ALAS, Visions Bar Noir is no more. It closed Thursday, after four years' valiant effort to take on the combined competition offered by Landmark Theatres' E Street Cinema and Bethesda Row, Loews Cineplex theaters, the American Film Institute, Regal theaters and the Avalon. Andrew Frank, who founded the theater with other partners, is inviting the public to join him in a final farewell party Sunday from 8 till question mark.

"It'll be a celebration of four very fun years," Frank said. "To thank my old staff, new staff and to thank the community for allowing Visions to exist in the first place."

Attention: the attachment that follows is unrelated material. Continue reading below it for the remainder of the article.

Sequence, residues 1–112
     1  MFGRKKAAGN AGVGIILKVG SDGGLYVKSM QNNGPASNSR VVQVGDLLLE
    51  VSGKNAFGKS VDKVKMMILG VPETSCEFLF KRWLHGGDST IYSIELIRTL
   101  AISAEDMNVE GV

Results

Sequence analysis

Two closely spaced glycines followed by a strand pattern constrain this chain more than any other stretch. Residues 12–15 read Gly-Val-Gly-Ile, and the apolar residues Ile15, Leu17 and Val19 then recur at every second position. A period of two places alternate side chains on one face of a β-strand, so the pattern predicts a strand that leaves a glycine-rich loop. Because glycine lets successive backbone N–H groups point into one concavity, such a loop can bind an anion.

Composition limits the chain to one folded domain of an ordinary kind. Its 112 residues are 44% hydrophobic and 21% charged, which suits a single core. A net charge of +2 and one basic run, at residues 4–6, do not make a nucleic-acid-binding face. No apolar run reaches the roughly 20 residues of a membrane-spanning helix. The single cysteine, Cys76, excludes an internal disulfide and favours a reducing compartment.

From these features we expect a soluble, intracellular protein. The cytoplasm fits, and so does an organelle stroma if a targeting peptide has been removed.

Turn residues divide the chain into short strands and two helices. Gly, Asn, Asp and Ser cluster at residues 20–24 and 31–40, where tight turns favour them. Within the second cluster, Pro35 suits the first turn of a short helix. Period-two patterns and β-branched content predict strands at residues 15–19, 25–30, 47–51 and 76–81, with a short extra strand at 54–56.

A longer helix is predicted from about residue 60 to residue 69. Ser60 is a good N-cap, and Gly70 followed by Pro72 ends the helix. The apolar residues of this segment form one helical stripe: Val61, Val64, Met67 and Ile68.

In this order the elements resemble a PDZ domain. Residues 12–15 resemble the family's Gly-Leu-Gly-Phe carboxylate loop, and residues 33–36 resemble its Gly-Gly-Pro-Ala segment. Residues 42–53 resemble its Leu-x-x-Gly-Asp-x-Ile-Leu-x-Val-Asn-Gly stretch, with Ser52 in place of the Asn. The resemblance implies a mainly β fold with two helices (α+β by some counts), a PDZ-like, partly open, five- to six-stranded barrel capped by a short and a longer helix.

The announcement of Visions' demise comes days after the death of S. David Levy, the personable founder of the former Key Theatre in Georgetown and the ongoing Key Sunday Cinema Club, who passed away last week. He will be missed by many.

For all lovers of independent films and the independent-minded exhibitors who brought them to Washington, this is a double blow. The Key brought foreign films and indie films (including John Waters's movies) to this town for decades, and way before the chichi-fication of indie movies. It also gave us those midnight showings of "The Rocky Horror Picture Show." As for Visions, it brought many films here that might never have been shown, including "Lumumba." And it helped turn "Donnie Darko" into a midnight movie classic.

Admission to the Visions party will be free. There will be a cash bar at the Cinema's Bar Noir. It's at 1927 Florida Ave. NW. You can also check the Web site at

-- Desson Thomson